or adulterants are mixed. Little need be said of white 
lead or white zinc, as to completely treat of these well 
known articles would cover many pages. The following 
brief notes, however, on the chief colour pigments 
may be of use, and one remark applies to them all, viz., 
that in manufacturing paints it is the truest economy 
to purchase the very best pigments that can be obtained. 
By hesi we mean the strongest and brightest, and these 
properties should in every case be carefully tested 
against a standard sample. 

Yellow Pigments. — The ochres are natural 
earths, and are valued in proportion to their purity of 
yellow tone, staining power and freedom from materials 
such as chrome or cheap lakes introduced with the 
object of giving a fictitious yellow tone. A good 
quality grinding ochre will fetch a very high price 
and it is one of the most expensive colours to grind, 
requiring to be passed through the rollers many times 
before the grit is finally disposed of. The chromes 
are well known yellow pigments and are seldom ground 
otherwise than pure. 

Red Pigments. — These are obtained in endless 
variety, the most important being the iron reds, 
the best of which is oxide of iron. Thus we have 
Indian red, Venetian red, bright oxide reds, purple 
browns and purple oxides and many other oxide colours 
known under fancy names. In purchasing these for 
grinding purposes they should be examined for staining 
power and also for the tone of shade produced on 
reduction with white lead and whiting respectively. 
The colour produced on reduction with whiting is 
important for the reason that cheaper grades of paint 
would be produced in this way and often an unpleasing 
tint of red is produced on reduction. Freedom from 
grit is also an important feature. It is a great mistake 
to -purchase a red which is difficult to grind even 
although it is otherwise cheap, as the saving in price 



will be rapidly neutralised in the subsequent grinding 
operations. Other red pigments are the red lakes 
and so-called fast reds and aniline reds, which are 
used in comparatively small proportions for special 
decorative purposes. 

Black Pigments. — The most important is perhaps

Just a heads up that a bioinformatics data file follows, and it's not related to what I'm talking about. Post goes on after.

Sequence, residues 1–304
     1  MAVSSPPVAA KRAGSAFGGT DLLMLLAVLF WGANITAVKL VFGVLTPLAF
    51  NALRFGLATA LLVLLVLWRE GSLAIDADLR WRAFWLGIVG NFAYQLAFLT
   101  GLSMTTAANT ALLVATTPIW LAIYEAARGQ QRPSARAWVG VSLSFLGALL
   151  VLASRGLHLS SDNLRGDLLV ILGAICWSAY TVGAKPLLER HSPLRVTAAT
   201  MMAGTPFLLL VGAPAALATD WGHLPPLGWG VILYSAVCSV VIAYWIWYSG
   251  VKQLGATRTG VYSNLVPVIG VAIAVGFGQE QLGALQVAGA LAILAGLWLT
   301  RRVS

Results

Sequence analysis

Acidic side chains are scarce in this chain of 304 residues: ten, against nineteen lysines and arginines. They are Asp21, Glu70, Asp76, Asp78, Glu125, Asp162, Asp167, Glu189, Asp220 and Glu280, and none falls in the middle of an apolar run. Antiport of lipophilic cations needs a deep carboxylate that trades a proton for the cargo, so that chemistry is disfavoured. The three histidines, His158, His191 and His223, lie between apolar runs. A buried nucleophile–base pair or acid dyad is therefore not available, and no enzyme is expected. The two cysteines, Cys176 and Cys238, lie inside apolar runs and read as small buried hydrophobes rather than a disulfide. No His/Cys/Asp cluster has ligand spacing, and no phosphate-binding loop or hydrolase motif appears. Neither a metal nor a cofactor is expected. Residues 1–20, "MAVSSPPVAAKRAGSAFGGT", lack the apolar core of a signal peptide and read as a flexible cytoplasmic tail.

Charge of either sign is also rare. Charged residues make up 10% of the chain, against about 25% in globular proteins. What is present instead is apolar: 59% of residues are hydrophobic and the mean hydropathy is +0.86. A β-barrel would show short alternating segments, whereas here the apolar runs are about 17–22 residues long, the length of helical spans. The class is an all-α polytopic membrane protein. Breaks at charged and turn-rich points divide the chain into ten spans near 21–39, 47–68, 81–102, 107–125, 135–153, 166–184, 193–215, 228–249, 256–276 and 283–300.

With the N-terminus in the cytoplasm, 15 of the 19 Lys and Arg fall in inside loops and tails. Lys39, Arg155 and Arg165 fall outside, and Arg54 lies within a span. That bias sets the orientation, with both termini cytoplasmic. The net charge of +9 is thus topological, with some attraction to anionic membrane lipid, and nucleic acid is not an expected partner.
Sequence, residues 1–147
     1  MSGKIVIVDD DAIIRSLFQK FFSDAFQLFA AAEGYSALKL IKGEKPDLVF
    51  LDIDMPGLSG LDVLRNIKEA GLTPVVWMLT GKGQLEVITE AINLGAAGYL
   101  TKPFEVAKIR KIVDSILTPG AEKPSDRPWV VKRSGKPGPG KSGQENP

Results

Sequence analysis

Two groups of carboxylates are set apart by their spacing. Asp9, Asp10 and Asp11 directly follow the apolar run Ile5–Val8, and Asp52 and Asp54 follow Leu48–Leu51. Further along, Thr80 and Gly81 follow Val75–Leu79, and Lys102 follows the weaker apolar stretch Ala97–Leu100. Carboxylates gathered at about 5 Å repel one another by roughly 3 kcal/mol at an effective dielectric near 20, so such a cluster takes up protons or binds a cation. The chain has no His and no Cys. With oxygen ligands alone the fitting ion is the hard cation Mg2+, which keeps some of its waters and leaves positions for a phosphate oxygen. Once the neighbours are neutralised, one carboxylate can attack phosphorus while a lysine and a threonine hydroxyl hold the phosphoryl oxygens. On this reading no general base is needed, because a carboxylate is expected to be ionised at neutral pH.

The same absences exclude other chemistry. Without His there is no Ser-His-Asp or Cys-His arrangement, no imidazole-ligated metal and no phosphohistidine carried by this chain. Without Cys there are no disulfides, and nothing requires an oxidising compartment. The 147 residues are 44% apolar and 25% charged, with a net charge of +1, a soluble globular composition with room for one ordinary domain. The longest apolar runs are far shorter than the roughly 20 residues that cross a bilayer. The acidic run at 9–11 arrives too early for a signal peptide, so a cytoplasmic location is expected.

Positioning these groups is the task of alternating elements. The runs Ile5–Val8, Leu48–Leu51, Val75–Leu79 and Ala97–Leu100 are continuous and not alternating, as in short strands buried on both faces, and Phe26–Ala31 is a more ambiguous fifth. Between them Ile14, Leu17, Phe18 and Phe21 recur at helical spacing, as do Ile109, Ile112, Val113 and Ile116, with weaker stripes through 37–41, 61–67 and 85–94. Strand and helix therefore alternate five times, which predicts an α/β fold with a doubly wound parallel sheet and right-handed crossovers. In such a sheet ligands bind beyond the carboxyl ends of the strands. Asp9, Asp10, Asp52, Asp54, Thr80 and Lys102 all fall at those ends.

ivory black and a large proportion of black sold under 
this name to-day is not ivory black at all but simply 
hone black, the production of ivory black being very 
hmited. Other blacks are vegetable or lamp black and 
gas or carbon black. The latter possesses great staining 
power and is useful in giving the requisite amount of 
blackness to black paints which, paradoxical as it 
may seem, always contain a large amount of white 

Blue Pigments used by the paint grinder are 
ultramarine blue, to a very Hmited extent, and more 
largely Prussian blue usually in one or other of its 
reduced derivatives, Brunswick blue (which is Prussian 
blue struck on a base of terra alba) or celestial blue, 
(which is composed of Prussian blue struck on a base 
of barytes). The enormous staining power of Prussian 
blue will be understood when it is said that a very 
excellent and strong staining Brunswick blue can be 
produced by striking Prussian blue on terra alba in 
the proportions of I2| per cent, of Prussian blue to 
87^ per cent, of white base. 

Green Pigments. — The great bulk of these consist 
of the well known Brunswick greens which really 
consist of a mixture of chrome yellow, Prussian blue, 
and white base, the latter being usually barytes. In 
the case of greens it is of the utmost importance to use 
a very pure and strong staining colour, otherwise it is 
impossible to reduce them with economy in the mixing 
and grinding.. 

Having disposed of the dry colours used in the 
process of paint manufacture we now turn to the oil